In celebration of Black History Month, I would like to take this opportunity to honor our African-Americans who have set precedence for dignity, respect and honor to overcome slavery, against all odds for humanity, and freedom, that we were created equal in this world as well as in the United States, in the eyes of our Lord and Savior, Jesus Christ. We are citizens of this country beyond all expectations as human beings.

As an African-American of this country, I have been blessed by the courage and convictions of these great African-Americans.

It is with great respect and dedication that I honor them:

* Brittany A. Coppock — my daughter, a graduate of the University of Maryland, Eastern Shore, Salisbury State University and UMUC with a master’s in Sociology, Social Science, and who is now a partner with a Behavioral Science Practice in Maryland, focusing on adults with special needs.

* Dr. Martin Luther King Jr. (Jan. 15, 1929-April 4, 1968) — Demand for humanity and equality.

* Former Chief Judge Robert M. Bell — of Annapolis, Md., from Rocky Mountain, N.C. Now retired, Bell was a Morgan State alumni. He participated in a sit-in of a restaurant in Baltimore, Md., in 1964, where he was arrested and represented by Thurgood Marshall, Esq. After Marshall won his case, Bell went to Harvard School of Law and pursued his law degree, becoming the first African-American to hold the seat as the Chief Judge of the State of Maryland, Court of Appeals, the highest court in Maryland. I had the opportunity to work with this amazing man.

* Charlene Drew Jarvis (born July 31, 1941, in Washington, D.C., as Charlene Rosella Drew) — an American educator and former scientific researcher and politician who served as the president of Southeastern University until March 31, 2009. Jarvis is the daughter of the blood plasma and blood transfusion pioneer Charles Drew.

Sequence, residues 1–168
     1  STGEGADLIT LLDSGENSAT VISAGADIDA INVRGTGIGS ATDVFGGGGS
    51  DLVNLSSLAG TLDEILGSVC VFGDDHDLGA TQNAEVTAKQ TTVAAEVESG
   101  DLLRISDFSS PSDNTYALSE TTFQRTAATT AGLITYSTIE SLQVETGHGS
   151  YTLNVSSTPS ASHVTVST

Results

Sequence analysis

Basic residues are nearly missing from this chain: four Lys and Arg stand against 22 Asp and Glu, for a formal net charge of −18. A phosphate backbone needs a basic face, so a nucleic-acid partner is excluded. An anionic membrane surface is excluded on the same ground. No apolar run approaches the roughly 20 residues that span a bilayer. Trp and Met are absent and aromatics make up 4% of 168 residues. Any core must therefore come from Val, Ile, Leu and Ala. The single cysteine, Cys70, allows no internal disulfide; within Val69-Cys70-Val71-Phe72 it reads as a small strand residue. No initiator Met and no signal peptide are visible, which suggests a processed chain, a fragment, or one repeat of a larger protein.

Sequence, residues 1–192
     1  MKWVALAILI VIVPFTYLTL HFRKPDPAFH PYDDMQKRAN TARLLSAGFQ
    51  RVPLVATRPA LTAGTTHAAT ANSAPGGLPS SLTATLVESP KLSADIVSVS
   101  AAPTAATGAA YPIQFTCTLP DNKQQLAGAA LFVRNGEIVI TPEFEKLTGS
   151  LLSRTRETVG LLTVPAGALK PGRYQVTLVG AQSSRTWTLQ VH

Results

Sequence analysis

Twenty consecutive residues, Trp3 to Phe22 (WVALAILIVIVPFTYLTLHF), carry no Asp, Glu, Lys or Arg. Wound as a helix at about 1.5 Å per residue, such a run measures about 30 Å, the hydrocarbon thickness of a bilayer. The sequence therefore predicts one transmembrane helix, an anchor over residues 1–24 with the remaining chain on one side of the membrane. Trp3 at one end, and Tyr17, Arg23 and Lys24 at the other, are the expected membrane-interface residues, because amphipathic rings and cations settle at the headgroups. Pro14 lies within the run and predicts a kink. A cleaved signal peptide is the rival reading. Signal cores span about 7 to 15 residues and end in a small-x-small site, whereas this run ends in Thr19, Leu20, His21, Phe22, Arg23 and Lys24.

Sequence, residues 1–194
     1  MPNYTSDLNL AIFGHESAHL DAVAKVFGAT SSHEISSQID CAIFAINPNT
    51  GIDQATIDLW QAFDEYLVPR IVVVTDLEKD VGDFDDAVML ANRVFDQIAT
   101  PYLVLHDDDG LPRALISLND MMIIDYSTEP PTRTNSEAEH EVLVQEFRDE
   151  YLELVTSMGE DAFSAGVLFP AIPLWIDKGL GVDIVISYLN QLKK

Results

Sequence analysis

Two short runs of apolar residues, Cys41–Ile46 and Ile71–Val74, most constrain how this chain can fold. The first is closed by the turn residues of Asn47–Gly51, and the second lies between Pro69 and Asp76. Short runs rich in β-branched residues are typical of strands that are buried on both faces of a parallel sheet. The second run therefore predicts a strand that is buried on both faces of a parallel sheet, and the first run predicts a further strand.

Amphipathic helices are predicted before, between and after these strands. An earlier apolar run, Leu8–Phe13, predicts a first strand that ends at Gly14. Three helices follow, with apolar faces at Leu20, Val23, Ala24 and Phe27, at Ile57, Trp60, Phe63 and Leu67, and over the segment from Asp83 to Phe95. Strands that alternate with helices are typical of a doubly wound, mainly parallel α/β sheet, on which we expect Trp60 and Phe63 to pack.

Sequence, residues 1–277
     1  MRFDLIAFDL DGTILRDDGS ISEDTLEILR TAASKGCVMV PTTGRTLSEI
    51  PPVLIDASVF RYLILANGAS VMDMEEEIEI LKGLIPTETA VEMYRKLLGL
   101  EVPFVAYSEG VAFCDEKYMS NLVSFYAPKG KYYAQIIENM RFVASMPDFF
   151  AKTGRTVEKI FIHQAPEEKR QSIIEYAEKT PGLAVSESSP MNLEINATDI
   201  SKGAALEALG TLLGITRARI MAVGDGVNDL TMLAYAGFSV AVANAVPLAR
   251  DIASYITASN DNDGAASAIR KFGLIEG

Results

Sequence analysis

* James (Pops) Robinson — a loving father, family man, veteran of World War II in the Battle of the Bulge, boxer and tennis icon. Meeting Mr. Robinson was the beginning of my 30-year tennis career entering amateur tennis tournaments, becoming a member of the U.S. Tennis Association and captaining five tennis teams.

* Rosa Louise McCauley Parks — an activist in the Civil Rights Movement, whom the U.S. Congress called “the first lady of civil rights” and “the mother of the freedom movement.”

* Frederick K.C. Price — the founder and presiding prelate of Crenshaw Christian Center, located in California. He is known for his Ever Increasing Faith ministries broadcast, which is aired weekly on both television and radio.

I also want to pay tribute to famous African-Americans of Asheboro:

* Katie Snuggs — sworn in for the Asheboro City Council on May 2, 2017. She is the first African-American female on the council — and just the second person of color ever to serve. The late Leo Luther was on the council from 1988-1997. She participated in the Hops Bar-B-Q: Sit-Ins on Jan. 27, 1964; 60 African-Americans were arrested in these sit-ins, which were part of the national drive for Integration and Civil Rights.

* Mr. and Mrs. Don Simmons, owner of Magnolia 23 Restaurant.

* Clyde L. Foust, owner of Foust Corporation Photography, Our Future Visionary.

* Leslie Greene, owner of UFAC Auto Superstore.

* Grayland Patterson, owner/stylist of Beauty of Hair On Sunset.

February is too short a month to honor such greatness and we should consider changing this time frame to the month of March. As African-Americans, we have so much to thank God for, the Lord bringing these wonderful people into our world for this purpose. There are so many of them that I did not get a chance to hold/present in my Brush Inserts of this most highly regarded time of the year for me and my daughter.

In remembrance of our history!

Thank you, God, for the major icons in our lives and country!

* Kimberly J. Morgan, an Oakland, Calif., native, now calls Asheboro home. Her career path has included transcribing medical reports for radiologists and working as a paralegal. She had the pleasure of working with Chief Judge Robert M. Bell in Annapolis, Md., for the Court of Appeals. Contact: